Amy: You know, highs and lows, I think like everybody else, it seemed like there were days of chaotic joy, and then there were days where you just like: ” No, it’s just chaotic and sucks.” [laughing] So I think that I’ve had, I’ve been blessed, I will say that I’ve been extraordinarily blessed. I was raised in a beautiful family by beautiful parents and by beautiful i mean, smart, loving, compassionate, and that’s, that’s like a leap ahead of the game already. When you come from an extraordinarily functional loving family, you’ve already kind of beaten the odds in so many ways. So that was just by the grace of God and the luck of the family that I was born into. And then I really wanted to teach, and so I became a teacher and I had a starter marriage, so I had the classic, you know, get married really young, meet him in school. I’m way too young to know who I was yet, but smart enough to know that this wasn’t the person that I was destined to live with forever. So we had that very quick marriage, very short marriage. And then I went overseas and I taught, I lived in Shanghai, I worked Corporate in London, I had some incredible international experiences, and that’s one thing that I think that has probably stayed with me the most, is that just living overseas for five years, you realize the world is an extraordinarily large place to figure out who you are, to figure out how it all works, to realize that we’re all diverse, different value sets, different belief systems, but they all work. And they can all work beautifully when we respect them, when we honor them, when we love one another, and so that really kind of just launched me into this whole, I want to play bigger, I want to serve more people, I want to transform more lives, and so in 2000, I started my own company.
Kim: Wow, AmyK, I had one of those starter marriages as well, but the relationship lasted 13 years.
Amy: Oh, um yeah. But you know why? You won’t, you don’t, please tell me that you’ve moved into a space of: “I wouldn’t be who I am today without that experience.”
Kim: Oh, I absolutely wouldn’t be where I am. I mean, I wouldn’t have moved to Ohio and if it hadn’t been for him and I wouldn’t have in the end met my husband who is absolutely my soul mate and our house wouldn’t be insane with you know, as many kids and animals that we have now had that not happened. So, everything for a reason.
Kim: Sometimes you don’t need to go to Shanghai to get that like big difference in perspective. I mean I moved to the middle of nowhere in Ohio from right outside of New York City, whoo, awesome!
Amy: No! It could be a trip to Costco! I mean, I think what it is is that, it’s one of those strange things so where we were kind of sold this myth when we’re little. And that is that when we get older it’s going to be easier. Like we’re going to have some magical shift when we reach adulthood. Roellich will know the answers and we’ll look so in charge and efficient and organized and through those big eye as a little kid, we look at this adult fantasy of, oh, have it all figured out and what you realize as you get older, as actually it gets harder, it gets messier, it gets quirkier, but we can become more grounded in that, but life is just this quirky, crazy ride and it’s not about trying to get off the ride. It’s about trying to say, OK, can I enjoy the highs, the lows, the dips, and really take full advantage of this rollercoaster.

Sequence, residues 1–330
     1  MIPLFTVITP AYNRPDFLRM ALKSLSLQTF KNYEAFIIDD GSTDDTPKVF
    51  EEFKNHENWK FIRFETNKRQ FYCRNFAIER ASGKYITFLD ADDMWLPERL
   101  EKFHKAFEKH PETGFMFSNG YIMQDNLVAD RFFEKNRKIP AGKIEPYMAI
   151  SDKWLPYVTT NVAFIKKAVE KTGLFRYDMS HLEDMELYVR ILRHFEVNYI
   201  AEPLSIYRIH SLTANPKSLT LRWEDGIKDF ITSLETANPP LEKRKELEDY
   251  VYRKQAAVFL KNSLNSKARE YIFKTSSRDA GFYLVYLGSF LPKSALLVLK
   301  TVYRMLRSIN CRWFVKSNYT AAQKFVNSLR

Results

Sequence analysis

Kim: Absolutely. I’m over here laughing thinking about what you’re saying and also the title of your book The Secrets Leaders Keep, because I burned dinner on a regular basis and I can’t use the restroom in my house when my kids are at home without someone finding a sharpie marker. I mean –
Amy: [laughing] I do remember years ago, so like all of my nieces and my nephew are teenagers now, but it was so funny because I do remember my sister in law is saying: “Do I really have to lock every crayola in a drawer just to pee?” [laughing]
Amy: [laughing] It was like, yes, yes. I think you do. [laughing]
Kim: Yeah. Actually, in going back to what you were saying earlier about posting on social media, I think I did one of my first Facebook Lives on my Personal Profile last week and it was actually after my three year old daughter found the sharpie and colored her whole face cream –
Amy: Ha? –
Kim: – And, yeah! It was, she just looked at the camera and she says: ” I colored my face and I can’t get it off.” And then she’d be big toothy white smile through the Green Lips.
Amy: Oh that’s awesome!
Kim: Yeah. So no, I don’t share like me scooping the litter box. Actually my husband won’t let me do that, but I’m not gonna hide the hilarious, you know, what I would tend to have hidden even just five years ago in the background, no –
Amy: No, but then why come to a place that is very secure? And I think that that’s, you know, again, we, we come from a whole new perspective and I think for years, women really got told through magazine advertising and magazine stories, and television sitcoms that, unless your house was really perfect and your dress was starched and the hot meal was there, you know, we had a lot of old school. Everything in its place and we’ve really kind of honored the fact that no, you don’t want to live like a slob, and live life, but we do need to honor the moments that you know your kid’s lips are green. You can either laugh about it, you can cry about it, you can get angry about it, but that’s a choice and that reaction right there is what to me is where all the power is is how do you really want to react and that doesn’t mean that you can’t have a human responsibility, but you’re bigger than that. Then that’s kind of a really cool thing to remember too, is I have a dear friend who once said to me, she’s a, she’s an awesome speaker, which is like: ” We are always bigger than our initial reaction.” And it was like, yeah, we are.